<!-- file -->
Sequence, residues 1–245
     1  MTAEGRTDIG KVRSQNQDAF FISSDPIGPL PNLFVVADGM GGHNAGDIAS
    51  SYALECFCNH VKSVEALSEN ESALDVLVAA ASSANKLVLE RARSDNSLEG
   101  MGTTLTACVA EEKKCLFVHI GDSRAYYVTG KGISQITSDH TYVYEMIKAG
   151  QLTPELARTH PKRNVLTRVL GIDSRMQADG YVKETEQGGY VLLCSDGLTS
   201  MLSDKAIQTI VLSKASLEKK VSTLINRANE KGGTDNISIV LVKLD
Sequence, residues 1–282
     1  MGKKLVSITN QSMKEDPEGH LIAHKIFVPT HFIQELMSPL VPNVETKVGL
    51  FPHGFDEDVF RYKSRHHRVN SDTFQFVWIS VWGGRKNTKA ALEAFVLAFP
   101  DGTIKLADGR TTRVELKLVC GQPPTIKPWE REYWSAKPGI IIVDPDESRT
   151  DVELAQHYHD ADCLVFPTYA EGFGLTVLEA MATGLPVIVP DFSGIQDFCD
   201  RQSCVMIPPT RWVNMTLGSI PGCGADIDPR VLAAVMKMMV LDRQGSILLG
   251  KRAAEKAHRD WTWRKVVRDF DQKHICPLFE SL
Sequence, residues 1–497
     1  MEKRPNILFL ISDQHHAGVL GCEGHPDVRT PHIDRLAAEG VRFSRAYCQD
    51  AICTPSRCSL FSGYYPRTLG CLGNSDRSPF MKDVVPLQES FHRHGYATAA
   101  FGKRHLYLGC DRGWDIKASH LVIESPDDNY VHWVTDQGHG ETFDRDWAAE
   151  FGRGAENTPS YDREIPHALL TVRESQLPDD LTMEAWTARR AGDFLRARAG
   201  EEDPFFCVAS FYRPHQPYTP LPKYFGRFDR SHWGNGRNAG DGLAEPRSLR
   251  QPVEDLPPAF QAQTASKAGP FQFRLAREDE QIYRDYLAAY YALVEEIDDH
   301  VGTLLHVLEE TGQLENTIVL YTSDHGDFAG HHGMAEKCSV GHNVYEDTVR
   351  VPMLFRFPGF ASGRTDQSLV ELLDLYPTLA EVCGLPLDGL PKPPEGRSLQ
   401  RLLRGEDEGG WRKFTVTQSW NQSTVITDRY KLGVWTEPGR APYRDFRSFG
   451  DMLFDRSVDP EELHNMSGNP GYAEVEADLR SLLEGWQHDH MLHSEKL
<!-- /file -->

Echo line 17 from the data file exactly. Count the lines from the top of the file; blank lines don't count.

   101  FGKRHLYLGC DRGWDIKASH LVIESPDDNY VHWVTDQGHG ETFDRDWAAE